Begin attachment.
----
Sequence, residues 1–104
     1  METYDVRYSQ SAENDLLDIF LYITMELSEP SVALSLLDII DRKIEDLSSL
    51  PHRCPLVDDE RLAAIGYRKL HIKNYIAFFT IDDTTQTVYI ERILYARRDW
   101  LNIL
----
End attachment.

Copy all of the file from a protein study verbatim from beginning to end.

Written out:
Sequence, residues 1–104
     1  METYDVRYSQ SAENDLLDIF LYITMELSEP SVALSLLDII DRKIEDLSSL
    51  PHRCPLVDDE RLAAIGYRKL HIKNYIAFFT IDDTTQTVYI ERILYARRDW
   101  LNIL